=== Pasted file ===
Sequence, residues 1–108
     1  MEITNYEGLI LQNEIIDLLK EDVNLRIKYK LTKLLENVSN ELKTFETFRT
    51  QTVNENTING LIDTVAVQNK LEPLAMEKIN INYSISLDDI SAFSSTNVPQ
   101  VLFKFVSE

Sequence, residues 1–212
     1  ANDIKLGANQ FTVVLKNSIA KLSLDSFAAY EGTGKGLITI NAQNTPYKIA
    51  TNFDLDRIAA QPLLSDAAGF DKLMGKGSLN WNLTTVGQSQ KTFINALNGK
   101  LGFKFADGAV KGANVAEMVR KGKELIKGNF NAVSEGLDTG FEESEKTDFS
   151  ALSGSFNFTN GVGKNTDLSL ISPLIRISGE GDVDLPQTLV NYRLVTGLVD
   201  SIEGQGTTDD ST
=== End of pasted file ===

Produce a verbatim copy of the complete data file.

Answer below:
Sequence, residues 1–108
     1  MEITNYEGLI LQNEIIDLLK EDVNLRIKYK LTKLLENVSN ELKTFETFRT
    51  QTVNENTING LIDTVAVQNK LEPLAMEKIN INYSISLDDI SAFSSTNVPQ
   101  VLFKFVSE

Sequence, residues 1–212
     1  ANDIKLGANQ FTVVLKNSIA KLSLDSFAAY EGTGKGLITI NAQNTPYKIA
    51  TNFDLDRIAA QPLLSDAAGF DKLMGKGSLN WNLTTVGQSQ KTFINALNGK
   101  LGFKFADGAV KGANVAEMVR KGKELIKGNF NAVSEGLDTG FEESEKTDFS
   151  ALSGSFNFTN GVGKNTDLSL ISPLIRISGE GDVDLPQTLV NYRLVTGLVD
   201  SIEGQGTTDD ST